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‘Believe in science’: EU kicks off COVID-19 vaccine campaign

ROME (AP) — Doctors, nurses and the elderly rolled up their sleeves across the European Union to receive the first doses of the coronavirus vaccine Sunday in a symbolic show of unity and moment of hope for a continent confronting its worst health care crisis in a century.

Weeks after the U.S., Canada and Britain began inoculations with the same vaccine, the 27-nation bloc staged a coordinated rollout aimed at projecting a unified message that the shot was safe and Europe’s best chance to emerge from the pandemic.

For health care workers who have been battling the virus with only masks and shields to protect themselves, the vaccines represented an emotional relief as the virus continues to kill. But it was also a public chance for them to urge Europe’s 450 million people to get the shots amid continued vaccine and virus skepticism.

“Today I’m here as a citizen, but most of all as a nurse, to represent my category and all the health workers who choose to believe in science,” said Claudia Alivernini, 29, the first person to be inoculated at the Spallanzani infectious disease hospital in Rome.

Austrian Chancellor Sebastian Kurz called the vaccine, which was developed in record time, a “game-changer.”

“We know that today is not the end of the pandemic, but it is the beginning of the victory,” he said.

Italian virus czar Domenico Arcuri said it was significant that Italy’s first doses were administered at Spallanzani, where a Chinese couple visiting from Wuhan tested positive in January and became Italy’s first confirmed cases.

Within weeks, northern Lombardy became the epicenter of the outbreak in Europe and a cautionary tale of what happens when even wealthy regions find themselves unprepared for a pandemic. Lombardy still accounts for around a third of the dead in Italy, which has the continent’s worst confirmed virus death toll at nearly 72,000.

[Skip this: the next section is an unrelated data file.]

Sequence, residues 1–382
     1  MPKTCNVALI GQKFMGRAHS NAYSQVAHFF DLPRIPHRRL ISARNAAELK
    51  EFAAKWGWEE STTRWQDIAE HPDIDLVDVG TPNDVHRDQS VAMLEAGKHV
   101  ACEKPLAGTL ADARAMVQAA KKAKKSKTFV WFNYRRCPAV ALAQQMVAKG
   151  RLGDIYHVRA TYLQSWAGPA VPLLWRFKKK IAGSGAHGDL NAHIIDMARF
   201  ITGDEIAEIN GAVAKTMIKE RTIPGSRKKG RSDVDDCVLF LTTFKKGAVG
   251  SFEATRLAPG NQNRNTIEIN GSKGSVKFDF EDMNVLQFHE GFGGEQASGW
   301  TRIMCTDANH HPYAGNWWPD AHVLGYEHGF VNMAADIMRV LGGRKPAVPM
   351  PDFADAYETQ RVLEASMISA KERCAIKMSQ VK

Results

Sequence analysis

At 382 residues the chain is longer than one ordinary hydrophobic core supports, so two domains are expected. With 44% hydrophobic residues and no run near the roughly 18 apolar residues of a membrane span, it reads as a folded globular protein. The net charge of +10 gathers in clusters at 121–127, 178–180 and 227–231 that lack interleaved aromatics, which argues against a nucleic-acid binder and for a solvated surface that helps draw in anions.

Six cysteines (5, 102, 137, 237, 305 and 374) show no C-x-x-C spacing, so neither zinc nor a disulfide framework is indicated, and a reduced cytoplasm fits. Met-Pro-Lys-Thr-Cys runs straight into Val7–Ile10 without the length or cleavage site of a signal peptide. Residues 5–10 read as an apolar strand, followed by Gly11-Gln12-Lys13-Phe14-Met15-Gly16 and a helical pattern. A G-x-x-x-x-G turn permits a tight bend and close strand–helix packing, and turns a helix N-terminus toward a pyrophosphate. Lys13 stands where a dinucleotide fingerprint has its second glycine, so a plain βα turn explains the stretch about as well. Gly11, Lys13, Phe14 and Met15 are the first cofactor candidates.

“Today is a beautiful, symbolic day: All the citizens of Europe together are starting to get their vaccinations, the first ray of light after a long night,” Arcuri told reporters.

But he cautioned: “We all have to continue to be prudent, cautious and responsible. We still have a long road ahead, but finally we see a bit of light.”

The vaccine developed by Germany’s BioNTech and American drugmaker Pfizer started arriving in super-cold containers at EU hospitals on Friday from a factory in Belgium. Each country was only getting a fraction of the doses needed — fewer than 10,000 in the first batches for some countries — with the bigger rollout expected in January when more vaccines become available. All those getting shots Sunday have to come back for a second dose in three weeks.

Ursula von der Leyen, head of the European Union’s Executive Commission, said with additional vaccines in development, the EU will have more shots than necessary this year and could share its surplus with the western Balkans and Africa.

“Europe is well positioned,” she insisted.

In the Los Olmos nursing home in the Spanish city of Guadalajara, northeast of Madrid, 96-year-old resident Araceli Hidalgo and a caregiver were the first Spaniards to receive the vaccine.

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